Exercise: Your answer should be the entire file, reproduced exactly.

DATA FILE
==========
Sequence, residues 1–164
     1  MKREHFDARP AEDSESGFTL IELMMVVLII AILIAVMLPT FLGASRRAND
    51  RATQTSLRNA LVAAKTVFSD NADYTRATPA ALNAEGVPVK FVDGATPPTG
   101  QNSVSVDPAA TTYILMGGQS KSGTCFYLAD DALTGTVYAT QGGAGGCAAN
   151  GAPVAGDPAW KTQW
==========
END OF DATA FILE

Sequence, residues 1–164
     1  MKREHFDARP AEDSESGFTL IELMMVVLII AILIAVMLPT FLGASRRAND
    51  RATQTSLRNA LVAAKTVFSD NADYTRATPA ALNAEGVPVK FVDGATPPTG
   101  QNSVSVDPAA TTYILMGGQS KSGTCFYLAD DALTGTVYAT QGGAGGCAAN
   151  GAPVAGDPAW KTQW